Summer is quickly approaching and yet my exercise regime consists of a once a week 20-minute workout. How am I going to get that Beach Body I want for the Outer Banks if I am such a slacker? If I were honest, I would say my desire to exercise is right up there with my desire to have a root canal. I can never seem to make the time for it in my jam-packed schedule, despite knowing I am predisposed to osteoporosis.
An exercise program can help strengthen muscles and improve balance. It also helps improve your overall sense of well-being. As someone who has always struggled with body image issues, exercise could help me feel better about the way I look. I don't feel it's wrong to exercise for your health, while being happy with how you look too.
The thought of a 90 Day Review program is enticing. A training system that would allow me to get in great shape in only 90 days makes me want to sign up right now. If I can get in the habit of exercising over that period of time, then it could lead to a lifestyle change. An Extreme Body Workout would definitely make me feel better and look better. My husband already exercises five days a week. He's also made some diet changes over the past few years. I'm hoping I gain some of his willpower. While I don't eat anywhere near the type of junk I used to, I still need to improve my diet. A complete fitness and nutrition program could make a huge difference in my life.
Many people I know dream of owning their own business, but are concerned about going it alone. Franchise opportunities are available in Florida with Pinch A Penny®, the largest franchised retail pool, patio and spa company.
Florida is ideal for poolside living. Because of their extensive line of pool and spa care products and experienced knowledgeable staff, pool owners rely on their local Pinch A Penny to be their one-stop resource for everything they need for their pools and spas, along with advice on how to use those supplies.
Pinch A Penny began with the opening of one store in 1975, and has grown to an entire network of stores in Florida, Georgia and Alabama. And they're still growing.
They will be there to help support and encourage your new franchise every step of the way. From sales training and marketing to advertising to an in-depth knowledge of the technical aspects of the business, and more, Pinch A Penny wants you to know you are part of their family and they want you to succeed. The training doesn't stop once you open your doors. Pinch A Penny offers on-going training opportunities for you and your associates.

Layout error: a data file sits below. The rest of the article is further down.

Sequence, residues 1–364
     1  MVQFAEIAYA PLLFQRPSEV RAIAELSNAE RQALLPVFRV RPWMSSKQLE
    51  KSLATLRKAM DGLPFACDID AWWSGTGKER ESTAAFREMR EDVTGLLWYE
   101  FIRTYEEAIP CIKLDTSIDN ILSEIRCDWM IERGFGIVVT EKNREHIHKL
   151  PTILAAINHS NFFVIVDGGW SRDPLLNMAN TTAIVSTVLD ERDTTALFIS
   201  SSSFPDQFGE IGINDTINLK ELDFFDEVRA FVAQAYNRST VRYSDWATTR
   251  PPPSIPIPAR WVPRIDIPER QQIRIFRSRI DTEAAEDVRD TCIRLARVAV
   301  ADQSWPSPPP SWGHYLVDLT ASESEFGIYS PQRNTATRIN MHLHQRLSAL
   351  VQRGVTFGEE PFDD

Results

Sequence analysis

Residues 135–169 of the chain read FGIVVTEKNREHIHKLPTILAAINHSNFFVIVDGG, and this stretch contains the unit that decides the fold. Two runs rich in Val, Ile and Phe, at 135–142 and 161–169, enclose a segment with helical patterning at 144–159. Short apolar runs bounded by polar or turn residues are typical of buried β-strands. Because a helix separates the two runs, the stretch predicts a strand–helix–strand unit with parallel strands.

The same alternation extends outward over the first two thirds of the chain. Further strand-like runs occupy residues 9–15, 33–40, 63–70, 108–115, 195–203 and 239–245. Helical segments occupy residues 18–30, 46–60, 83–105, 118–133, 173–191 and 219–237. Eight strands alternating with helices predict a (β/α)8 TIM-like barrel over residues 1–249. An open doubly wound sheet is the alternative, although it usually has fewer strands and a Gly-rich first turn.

You can visit their website for more information and to see if a Pinch A Penny franchise opportunity is right for you.
It's time for Free for All Friday. This week I have the pleasure of offering one of my lucky followers a chance to win a copy of Sea Change by New York Times bestselling author, Karen White. I fell in love with Karen's work when I read The House on Tradd Street. I've read the first two books in this series, in addition to Falling Home and Lost Hours. If you love southern fiction, you'll want to enter this giveaway. Karen creates some of the best characters-driven fiction I've ever read.
For as long as she can remember, Ava Whalen has struggled with a sense of not belonging, and now, at thirty-five, she still feels stymied by her family. Then she meets child psychologist Matthew Frazier and thinks her days of loneliness are behind her. After a whirlwind romance, they impulsively elope, and Ava moves to Matthew’s ancestral home on St. Simons Island, off the coast of Georgia.
But after the initial excitement, Ava is surprised to discover that true happiness continues to elude her. There is much she doesn’t know about Matthew, including the mysterious circumstances surrounding his first wife’s death. And her new home seems to hold as many mysteries and secrets as her new husband. Feeling adrift, Ava throws herself into uncovering Matthew’s family history and that of the island, not realizing that she has a connection of her own to this place—or that he obsession with the past could very well destroy her future.
This book is due to be released on June 5th!
Please use the Rafflecopter below to enter. Good luck!
Sorry I am so slow with the announcements this week. Way to much going on and Blogger and IE 9 don't seem to like each other much. There's a long script that runs, which makes it take twice as long to get through the Blogger screens as it used to. Not fun.
Congratulations goes out to Elisha G. She won the Tazo tea.
Congratulations goes out to Alicia H. and June G. They each won a copy of Catholic Family Fun by Sarah A. Reinhard.
Congratulations goes out to Shauna B. She will receive an e-book copy of Desert Intrigue by Linda Weaver Clarke.
All the winners have been notified. A new giveaway will be posted shortly.
Author and fellow blogger, Crystal Bowman, wrote a wonderful post this week offering a tip on dealing with sibling rivalry. She had heard this idea and decided to try it in her own home. Each of her three kids were child for a day twice a week, meaning they got to make the choices for activities such as what TV shows to watch and what music to listen to; but also had responsibilities like setting the table.